Baahubali movie review

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“Killing 100 people can make you a warrior, saving one person’s life makes you a god”

Thus says Ramya Krishna towards the end of the movie. During the promotional tour, everyone went gaga over her and her performance in the movie. One wondered if it was a hogwash or were they speaking the truth? We know it now. They were indeed speaking the truth. Of all the stars in the movie, it’s Ramya Krishna that shines the best. Be it quelling the rebellion, showing equal love to children or the way she sits while deciding/strategising, she looks every bit the epitome of justice that her role was promoted as.

She appears in the first scene in the movie and is there towards the end as well. Going by  what her character says in the first scene, she seems to have an equally important character in the second part of the movie as well.

There are humongous expectations on Baahubali. Touted as the biggest movie made in India, there is a huge pressure on the movie to earn back what was spent on it. One thing that no one can fault the team is for their preparedness. When you are shooting for long stretches of time, there are problems of continuity. This movie doesn’t suffer from it. A lot (or rather, entire) of credit must go to the second line director for that. S.S Karthikeya, the son of Rama Rajamouli and SS Rajamouli is the second line director for this movie. You appreciate it when you see the smaller things in the movie – the soldiers looting gold of the denizens in the kingdom, the costumes on the lead characters etc. If you had to pick faults, probably the only thing would be how Nasar’s hand looked in one of the sequences, but then they had it draped for the rest of the movie.

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A few months ago, there was an interview of Jagapathi Babu that I was watching in which he lamented the fact that he wasn’t considered for Posani Krishna Murali’s role in Temper. He said that had he acted, it would’ve lent more credence to Jr.NTR’s role.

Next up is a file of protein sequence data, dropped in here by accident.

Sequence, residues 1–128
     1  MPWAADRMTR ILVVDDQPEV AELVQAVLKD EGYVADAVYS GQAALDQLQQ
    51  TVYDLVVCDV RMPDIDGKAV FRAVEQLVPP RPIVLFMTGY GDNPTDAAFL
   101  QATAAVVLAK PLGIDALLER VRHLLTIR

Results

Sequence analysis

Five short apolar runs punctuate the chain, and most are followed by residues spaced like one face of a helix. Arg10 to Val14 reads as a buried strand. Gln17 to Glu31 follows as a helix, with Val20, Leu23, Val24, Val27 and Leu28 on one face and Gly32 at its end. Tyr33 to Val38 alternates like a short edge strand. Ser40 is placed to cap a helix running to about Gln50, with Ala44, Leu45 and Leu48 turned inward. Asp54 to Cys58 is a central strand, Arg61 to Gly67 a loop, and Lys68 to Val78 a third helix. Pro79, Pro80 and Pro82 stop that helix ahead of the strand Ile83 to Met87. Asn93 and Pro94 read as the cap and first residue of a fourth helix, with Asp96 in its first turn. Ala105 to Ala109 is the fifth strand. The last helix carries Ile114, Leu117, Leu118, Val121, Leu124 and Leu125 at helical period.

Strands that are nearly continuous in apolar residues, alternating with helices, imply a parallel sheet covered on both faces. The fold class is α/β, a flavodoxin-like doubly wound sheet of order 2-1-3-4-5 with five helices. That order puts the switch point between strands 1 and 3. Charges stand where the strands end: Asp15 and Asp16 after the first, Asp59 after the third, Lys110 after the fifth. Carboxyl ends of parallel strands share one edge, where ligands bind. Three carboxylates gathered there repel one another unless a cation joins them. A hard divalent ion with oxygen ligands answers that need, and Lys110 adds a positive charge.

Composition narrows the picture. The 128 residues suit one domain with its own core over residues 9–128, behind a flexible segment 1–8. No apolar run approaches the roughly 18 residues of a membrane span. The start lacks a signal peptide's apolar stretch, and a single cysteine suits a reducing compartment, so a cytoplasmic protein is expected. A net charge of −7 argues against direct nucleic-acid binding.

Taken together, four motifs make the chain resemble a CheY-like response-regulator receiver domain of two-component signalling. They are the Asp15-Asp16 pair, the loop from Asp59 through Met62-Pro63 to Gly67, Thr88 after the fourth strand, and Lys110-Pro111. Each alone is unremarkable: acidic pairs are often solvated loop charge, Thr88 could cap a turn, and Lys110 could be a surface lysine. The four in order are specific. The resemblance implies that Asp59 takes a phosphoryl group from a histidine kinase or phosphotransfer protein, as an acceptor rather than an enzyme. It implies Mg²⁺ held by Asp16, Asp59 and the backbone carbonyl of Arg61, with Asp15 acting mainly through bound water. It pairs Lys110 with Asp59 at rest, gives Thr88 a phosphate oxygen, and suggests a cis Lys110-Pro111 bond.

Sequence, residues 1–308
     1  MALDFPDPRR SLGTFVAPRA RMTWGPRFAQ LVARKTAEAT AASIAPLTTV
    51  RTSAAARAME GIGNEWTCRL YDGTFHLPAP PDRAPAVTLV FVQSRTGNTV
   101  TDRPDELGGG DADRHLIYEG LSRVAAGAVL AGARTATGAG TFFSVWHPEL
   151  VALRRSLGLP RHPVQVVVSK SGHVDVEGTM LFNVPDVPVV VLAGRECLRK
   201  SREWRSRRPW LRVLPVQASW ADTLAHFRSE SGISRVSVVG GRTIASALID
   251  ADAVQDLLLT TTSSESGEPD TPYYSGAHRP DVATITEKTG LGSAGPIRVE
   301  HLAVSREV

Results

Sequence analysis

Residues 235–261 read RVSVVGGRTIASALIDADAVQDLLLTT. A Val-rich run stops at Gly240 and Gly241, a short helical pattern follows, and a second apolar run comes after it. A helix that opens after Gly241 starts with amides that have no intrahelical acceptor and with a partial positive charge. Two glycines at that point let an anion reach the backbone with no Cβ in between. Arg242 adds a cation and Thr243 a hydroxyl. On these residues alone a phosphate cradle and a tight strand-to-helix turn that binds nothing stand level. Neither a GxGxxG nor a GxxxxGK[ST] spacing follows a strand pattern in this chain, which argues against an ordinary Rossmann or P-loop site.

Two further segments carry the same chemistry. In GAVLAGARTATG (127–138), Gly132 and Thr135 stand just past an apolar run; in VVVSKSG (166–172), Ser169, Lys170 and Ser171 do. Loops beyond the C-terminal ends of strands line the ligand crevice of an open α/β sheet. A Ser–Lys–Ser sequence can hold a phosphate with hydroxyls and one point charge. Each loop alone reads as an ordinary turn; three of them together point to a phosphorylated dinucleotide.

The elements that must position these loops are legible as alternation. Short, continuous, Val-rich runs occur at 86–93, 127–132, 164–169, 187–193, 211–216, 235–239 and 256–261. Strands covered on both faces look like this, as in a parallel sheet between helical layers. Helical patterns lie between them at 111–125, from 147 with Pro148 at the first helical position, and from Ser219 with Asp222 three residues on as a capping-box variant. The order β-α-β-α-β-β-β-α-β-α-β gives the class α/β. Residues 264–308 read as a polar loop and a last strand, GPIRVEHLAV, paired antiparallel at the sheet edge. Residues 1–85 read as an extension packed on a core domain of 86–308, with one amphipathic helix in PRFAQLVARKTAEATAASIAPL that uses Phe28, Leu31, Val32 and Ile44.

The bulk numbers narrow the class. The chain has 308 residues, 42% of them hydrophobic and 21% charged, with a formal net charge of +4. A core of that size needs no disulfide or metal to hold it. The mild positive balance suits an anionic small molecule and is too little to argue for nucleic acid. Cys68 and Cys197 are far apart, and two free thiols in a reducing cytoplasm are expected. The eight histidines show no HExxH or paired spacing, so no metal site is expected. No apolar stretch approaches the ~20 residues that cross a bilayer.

Whenever you see Rajamouli’s interviews on a movie, he is at pains to explain the fact that he writes the script first and chooses the actors later. Going by what Jagapathi Babu and Rajamouli say, casting is very, very important for a movie.

Sathyaraj, in the role that he has, from the beginning to the denouement in the movie, appears a perfect fit for his role. One just has to marvel at his ability in playing around with the sword. He does a brilliant job of it. The scenes where he confronts Prabhas are among the best scenes in the movie.

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Tammanah was a late inclusion in the movie. Looking at her role for a time, you might wonder if her role was also a late inclusion in the movie. It’s her role that keeps the slow first half moving. The first half has some sequences that has you literally waiting for the sequences that the movie has been hyped for –  the war sequences.

The song ‘Pachcha bottesina’ has K Raghavendra Rao written all over it. It won’t be a surprise if in director’s cut we are told that he was the one who conceptualised and picturised it. The song also takes us back in time when bushes and scrubs covered the essentials.

Whether or not Tammanah has a lot to contribute in the second part, she has done her bit in enhancing the glamour bit for the movie as Anushka appears in a deglamourised role in this movie.

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When ‘Nenu, naa Rakshasi’ released, it was unanimously thrashed. It will always be discussed when the topic of worst of Puri Jagannadh is broached. It was the worst that a protagonist in a Puri Jagannadh looked and behaved. To go from that disaster to various other roles and then to the antagonist’s role in Baahubali takes some belief. Rana seems to have it in bagful. He looks the part when he has to be menacing towards Anushka’s Devasena or be scared of return of Prabhas’ Baahubali.

His dialogue modulation in the movie is top notch. Though he gets overshadowed in the second half, look for the scene before the interval where he performs incredibly well. Him, Ramya Krishna, Anushka seem like they have brilliant roles in the second part of the movie.